Can someone please explain me how the optimization of 6.12 leads to 6.14 and the optimization of 6.13 leads to 6.15?

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2 Answers 2


For the first equation, it's the result of zero gradient; $$ \begin{aligned} S &= \sum_{j=1}^p (y_j-\beta_j)^2 +\lambda\sum_{j=1}^p\beta_j^2\\ \end{aligned} $$ at extrema, $$ \begin{aligned} \frac{\partial S}{\partial \beta_j} &=0\\ -2(y_j -\beta_j) +2\lambda\beta_j &= 0\\ \beta_j &= \frac{y_j}{1+\lambda}. \end{aligned} $$

I think you should be able to derive the other expression using the same technique shown above and use the fact that $$ \vert \beta_j \vert = \begin{cases} \beta_j \ \text{if} \ \beta_j > 0\\ -\beta_j \ \text{if} \ \beta_j < 0\end{cases}. $$


The main technique has two steps: 1) take derivative w.r.t $\beta_j$ and 2) set it to $0$. I will outline the steps to help go from 6.12 to 6.14 and leave the other one.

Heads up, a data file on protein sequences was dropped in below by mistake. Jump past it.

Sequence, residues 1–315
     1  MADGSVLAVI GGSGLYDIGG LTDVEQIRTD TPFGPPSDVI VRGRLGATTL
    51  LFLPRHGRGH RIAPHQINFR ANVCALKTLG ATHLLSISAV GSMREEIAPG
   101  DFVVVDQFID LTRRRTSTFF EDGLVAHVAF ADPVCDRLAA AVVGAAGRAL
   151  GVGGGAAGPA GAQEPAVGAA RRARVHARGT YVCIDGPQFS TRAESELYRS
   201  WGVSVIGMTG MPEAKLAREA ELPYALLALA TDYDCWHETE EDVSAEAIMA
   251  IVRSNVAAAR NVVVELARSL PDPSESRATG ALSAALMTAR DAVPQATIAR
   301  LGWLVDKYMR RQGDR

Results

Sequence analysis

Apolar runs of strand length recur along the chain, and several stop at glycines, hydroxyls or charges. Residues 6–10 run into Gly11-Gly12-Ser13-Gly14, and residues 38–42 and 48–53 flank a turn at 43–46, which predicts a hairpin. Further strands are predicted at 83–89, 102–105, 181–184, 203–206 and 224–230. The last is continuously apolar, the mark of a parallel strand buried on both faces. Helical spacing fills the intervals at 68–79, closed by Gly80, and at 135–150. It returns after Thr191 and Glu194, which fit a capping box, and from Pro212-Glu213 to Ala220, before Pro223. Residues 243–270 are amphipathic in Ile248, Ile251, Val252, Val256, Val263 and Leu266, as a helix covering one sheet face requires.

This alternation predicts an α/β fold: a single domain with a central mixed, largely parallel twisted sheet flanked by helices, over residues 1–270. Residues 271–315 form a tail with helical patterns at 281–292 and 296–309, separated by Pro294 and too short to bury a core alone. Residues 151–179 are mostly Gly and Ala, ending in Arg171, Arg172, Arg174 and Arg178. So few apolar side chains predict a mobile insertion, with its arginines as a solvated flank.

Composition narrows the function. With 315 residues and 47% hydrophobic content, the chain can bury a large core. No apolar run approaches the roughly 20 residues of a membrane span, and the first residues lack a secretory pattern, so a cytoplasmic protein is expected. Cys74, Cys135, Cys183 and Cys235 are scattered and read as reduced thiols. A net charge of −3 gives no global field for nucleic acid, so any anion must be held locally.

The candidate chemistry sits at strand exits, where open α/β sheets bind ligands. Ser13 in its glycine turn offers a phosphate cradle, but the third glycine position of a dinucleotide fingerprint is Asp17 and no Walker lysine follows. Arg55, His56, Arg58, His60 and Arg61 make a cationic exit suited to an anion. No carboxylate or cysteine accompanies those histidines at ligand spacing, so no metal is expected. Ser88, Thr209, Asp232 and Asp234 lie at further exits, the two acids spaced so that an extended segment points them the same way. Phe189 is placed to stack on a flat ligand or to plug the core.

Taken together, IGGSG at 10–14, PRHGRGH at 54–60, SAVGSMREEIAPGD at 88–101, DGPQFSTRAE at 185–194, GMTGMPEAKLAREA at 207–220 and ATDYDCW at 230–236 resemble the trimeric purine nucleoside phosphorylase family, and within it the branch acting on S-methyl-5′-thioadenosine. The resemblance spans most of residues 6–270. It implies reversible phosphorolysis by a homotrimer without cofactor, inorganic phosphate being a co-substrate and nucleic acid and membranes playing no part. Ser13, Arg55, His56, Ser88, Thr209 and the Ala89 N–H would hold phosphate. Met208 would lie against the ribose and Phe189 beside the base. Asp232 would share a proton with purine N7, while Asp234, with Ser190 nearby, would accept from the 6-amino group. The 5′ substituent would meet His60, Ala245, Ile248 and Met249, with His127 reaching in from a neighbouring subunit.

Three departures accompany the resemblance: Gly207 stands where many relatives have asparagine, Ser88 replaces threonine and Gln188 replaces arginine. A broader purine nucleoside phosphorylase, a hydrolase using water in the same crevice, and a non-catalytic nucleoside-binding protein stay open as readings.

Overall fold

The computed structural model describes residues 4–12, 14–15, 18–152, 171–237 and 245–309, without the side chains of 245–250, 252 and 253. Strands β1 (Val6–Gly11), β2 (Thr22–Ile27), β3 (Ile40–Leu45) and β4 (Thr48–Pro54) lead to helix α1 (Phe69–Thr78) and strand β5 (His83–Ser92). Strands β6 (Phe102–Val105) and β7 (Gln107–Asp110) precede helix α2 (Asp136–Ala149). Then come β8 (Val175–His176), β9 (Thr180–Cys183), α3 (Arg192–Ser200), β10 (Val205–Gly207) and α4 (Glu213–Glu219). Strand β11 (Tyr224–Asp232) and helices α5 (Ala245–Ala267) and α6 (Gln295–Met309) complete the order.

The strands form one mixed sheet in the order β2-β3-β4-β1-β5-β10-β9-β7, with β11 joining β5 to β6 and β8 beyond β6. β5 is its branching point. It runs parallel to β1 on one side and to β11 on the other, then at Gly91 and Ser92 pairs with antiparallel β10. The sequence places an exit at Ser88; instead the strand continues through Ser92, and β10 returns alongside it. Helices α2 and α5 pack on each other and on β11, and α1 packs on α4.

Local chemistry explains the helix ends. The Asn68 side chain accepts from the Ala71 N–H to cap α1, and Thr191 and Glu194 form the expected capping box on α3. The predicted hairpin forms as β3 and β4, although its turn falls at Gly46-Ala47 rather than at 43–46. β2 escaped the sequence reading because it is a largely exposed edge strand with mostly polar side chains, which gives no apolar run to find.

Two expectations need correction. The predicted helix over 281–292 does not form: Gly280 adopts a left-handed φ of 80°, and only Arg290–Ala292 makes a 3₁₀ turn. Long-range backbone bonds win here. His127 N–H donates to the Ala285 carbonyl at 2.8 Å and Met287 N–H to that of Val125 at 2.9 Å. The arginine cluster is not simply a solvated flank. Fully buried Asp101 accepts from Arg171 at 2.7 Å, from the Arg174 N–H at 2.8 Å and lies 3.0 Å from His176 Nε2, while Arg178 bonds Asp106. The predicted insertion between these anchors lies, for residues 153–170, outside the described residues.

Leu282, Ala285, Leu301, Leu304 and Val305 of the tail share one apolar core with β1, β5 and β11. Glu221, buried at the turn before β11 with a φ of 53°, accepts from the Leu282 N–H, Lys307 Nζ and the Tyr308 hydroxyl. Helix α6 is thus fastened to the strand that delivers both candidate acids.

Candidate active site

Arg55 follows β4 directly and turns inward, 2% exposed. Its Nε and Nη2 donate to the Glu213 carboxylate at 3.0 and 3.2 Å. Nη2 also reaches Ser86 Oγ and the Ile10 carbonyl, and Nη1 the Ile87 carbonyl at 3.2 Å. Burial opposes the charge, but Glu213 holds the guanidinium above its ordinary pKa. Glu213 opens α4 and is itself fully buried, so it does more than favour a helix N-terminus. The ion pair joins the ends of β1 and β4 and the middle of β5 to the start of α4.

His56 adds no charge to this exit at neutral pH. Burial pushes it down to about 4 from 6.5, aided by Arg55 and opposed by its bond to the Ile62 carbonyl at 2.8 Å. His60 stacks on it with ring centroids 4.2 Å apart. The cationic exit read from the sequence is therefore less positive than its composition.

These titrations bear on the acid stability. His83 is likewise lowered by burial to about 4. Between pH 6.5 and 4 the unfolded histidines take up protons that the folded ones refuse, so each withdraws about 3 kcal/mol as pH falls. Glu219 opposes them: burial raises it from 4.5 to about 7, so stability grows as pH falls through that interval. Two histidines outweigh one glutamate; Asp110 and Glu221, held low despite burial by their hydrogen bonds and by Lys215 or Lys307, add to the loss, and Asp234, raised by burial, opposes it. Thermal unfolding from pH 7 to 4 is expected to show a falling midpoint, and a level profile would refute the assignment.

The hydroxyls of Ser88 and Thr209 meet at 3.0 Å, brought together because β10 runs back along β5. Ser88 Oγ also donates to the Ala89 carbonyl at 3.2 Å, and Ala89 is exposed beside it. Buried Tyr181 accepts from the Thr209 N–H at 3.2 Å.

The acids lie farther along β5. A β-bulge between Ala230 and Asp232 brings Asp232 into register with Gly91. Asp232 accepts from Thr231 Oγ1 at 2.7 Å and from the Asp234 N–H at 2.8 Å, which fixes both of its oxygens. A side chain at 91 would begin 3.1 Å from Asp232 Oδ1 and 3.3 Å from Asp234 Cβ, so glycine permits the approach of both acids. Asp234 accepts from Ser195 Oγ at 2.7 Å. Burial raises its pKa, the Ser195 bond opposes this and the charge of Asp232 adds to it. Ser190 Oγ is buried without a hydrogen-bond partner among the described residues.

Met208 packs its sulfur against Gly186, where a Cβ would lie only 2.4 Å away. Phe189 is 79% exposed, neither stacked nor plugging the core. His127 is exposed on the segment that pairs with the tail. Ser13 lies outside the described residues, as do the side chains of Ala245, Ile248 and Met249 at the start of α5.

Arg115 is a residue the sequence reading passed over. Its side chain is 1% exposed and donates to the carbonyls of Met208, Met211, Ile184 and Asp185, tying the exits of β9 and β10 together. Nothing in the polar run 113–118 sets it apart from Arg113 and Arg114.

Step 1): Combining the summation and opening the quadratic expression of 6.12 gives $$ \sum_{j=1}^p y_j^2 - 2y_j \times \beta_j + (1 + \lambda) \beta_j^2.$$ Now we take partial derivative of this entire summation w.r.t $\beta_j$ and get $$ \frac{\partial}{\partial \beta_j} = -2 y_j + 2(1+\lambda) \beta_j. $$ Note the other $j'\neq j$ do not appear since they do no affect $\beta_j$.

Step 2): We set the partial derivative to $0$ to find $\hat{\beta}_j^R$. Normally, we need to check the second order derivative (make sure it is positive) so that we know have found a minimizer. But we don't have to here because the quadratic form in $\beta_j$ is convex in $\beta_j$.

Barring some additional careful checking of the conditions on $y_j$, the Lasso regression (from 6.13 to 6.15) is very similar.


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